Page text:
White House Takes Stand against Campus Sexual Assault Misconduct with New Policy

Top administration officials, including the president and vice president, will no longer visit colleges with failing campus sexual assault policies.

Elizabeth Hoyt

July 05, 2016

White House Takes Stand against Campus Sexual Assault Misconduct with New Policy

The White House (and those associated within it) have developed a policy that takes a stand against the mishandling of sexual violence incidents on college campuses. In addition to recently increasing their responses to rampant sexual violence on far too many college campuses, the new policy calls for the Obama administration’s members – including the president and vice president (as well as their wives, family members and Cabinet members) – to no longer visit educational institutions that have campus sexual assault policies considered to be flawed or ineffective.

According to The Washington Post, White House officials have confirmed that “top members of the administration — including the president, the vice president, their wives and members of the Cabinet — will not visit institutions whose leaders they consider insufficiently serious about pursuing sexual-assault allegations and punishing perpetrators.”

This policy was developed just a few months following a response letter released by Vice President Biden to a Stanford University sexual assault victim.

The highly publicized rape case came to light in the public eye after the victim wrote an open letter to her accuser, a celebrated college swimmer, about what she went through as a victim. Her letter effectively showcased how the system forced her to be re-victimized. She detailed how the process questioned her character, forced her to relive the traumatic incident and unfairly placed blame on the victim’s actions, rather than the attacker.

The letter was published in response to her attacker receiving a slap-on-the-wrist punishment of a mere six-month sentence in county jail, despite both evidence and eye witnesses to the brutal attack.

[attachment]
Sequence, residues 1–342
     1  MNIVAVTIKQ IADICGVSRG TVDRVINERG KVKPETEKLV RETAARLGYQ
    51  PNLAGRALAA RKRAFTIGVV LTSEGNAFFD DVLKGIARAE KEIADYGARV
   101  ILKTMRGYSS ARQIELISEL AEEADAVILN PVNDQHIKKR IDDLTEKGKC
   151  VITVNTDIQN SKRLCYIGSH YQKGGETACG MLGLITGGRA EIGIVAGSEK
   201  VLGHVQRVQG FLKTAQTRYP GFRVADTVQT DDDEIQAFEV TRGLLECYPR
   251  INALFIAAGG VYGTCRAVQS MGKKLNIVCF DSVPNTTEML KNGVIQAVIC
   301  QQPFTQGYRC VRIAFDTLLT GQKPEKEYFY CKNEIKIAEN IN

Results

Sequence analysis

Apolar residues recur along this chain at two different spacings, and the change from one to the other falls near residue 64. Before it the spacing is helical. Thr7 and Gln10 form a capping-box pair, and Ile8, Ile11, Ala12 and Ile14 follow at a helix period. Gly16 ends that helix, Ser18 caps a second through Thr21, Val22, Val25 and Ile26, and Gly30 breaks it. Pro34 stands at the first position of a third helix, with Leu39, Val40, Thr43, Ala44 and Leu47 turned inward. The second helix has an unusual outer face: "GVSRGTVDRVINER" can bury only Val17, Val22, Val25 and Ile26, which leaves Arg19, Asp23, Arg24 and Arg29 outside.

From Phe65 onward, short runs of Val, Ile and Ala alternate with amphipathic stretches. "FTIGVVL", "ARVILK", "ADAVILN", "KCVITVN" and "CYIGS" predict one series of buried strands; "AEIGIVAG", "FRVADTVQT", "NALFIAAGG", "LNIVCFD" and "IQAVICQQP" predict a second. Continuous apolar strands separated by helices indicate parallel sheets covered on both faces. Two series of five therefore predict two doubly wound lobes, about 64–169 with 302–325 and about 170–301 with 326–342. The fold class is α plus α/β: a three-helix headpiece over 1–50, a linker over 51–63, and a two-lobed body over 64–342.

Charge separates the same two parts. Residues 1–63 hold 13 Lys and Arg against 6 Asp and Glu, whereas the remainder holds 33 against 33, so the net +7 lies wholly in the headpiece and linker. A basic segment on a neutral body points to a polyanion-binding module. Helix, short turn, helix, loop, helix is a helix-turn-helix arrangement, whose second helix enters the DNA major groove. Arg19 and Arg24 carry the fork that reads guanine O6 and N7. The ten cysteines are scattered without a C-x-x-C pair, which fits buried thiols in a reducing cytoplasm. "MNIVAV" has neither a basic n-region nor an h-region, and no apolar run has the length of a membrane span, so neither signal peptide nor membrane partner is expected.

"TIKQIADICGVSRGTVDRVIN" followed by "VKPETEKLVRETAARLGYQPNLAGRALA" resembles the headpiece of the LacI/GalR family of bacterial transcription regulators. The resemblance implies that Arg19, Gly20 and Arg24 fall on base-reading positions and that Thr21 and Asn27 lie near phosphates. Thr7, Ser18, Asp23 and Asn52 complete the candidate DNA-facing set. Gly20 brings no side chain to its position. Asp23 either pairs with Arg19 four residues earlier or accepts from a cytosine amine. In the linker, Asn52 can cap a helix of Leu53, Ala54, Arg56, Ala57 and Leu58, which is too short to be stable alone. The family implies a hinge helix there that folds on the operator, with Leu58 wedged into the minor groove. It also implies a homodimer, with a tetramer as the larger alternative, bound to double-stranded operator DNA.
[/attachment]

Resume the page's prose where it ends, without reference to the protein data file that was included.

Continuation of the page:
Within his letter, the Vice President wrote, “I am filled with furious anger — both that this happened to you and that our culture is still so broken that you were ever put in the position of defending your own worth.”

“You were failed by a culture on our college campuses where one in five women is sexually assaulted—year after year after year,” Biden wrote. “A culture that promotes passivity. That encourages young men and women on campuses to simply turn a blind eye.”

Vice President Biden is the White House spokesman for the “It’s On Us” campaign, a part of a sexual assault task force initiative that began in 2014. The campaign works to end sexual assault on college campuses nationwide. Additionally, “It’s On Us” encourages college students to pledge to help the cause by intervening in any situation they think a potential sexual assault could occur.

This issue has been important to Vice President Biden, right from the start of his campaign alongside President Obama. While he’s always supported stringent sexual assault campus policies, the issue has become increasingly important to President Obama and his administration, as reflected through White House responses. The issue likely hits closer to home than ever before, as the President’s two daughters have entered their teenage years.

The Washington Post also notes that, although the Obama administration is nearing its final stretch in office, the focus on campus sexual assault policies and misconduct has intensified.

“Now’s the time to put the pedal to the metal,” said Vice President Biden.

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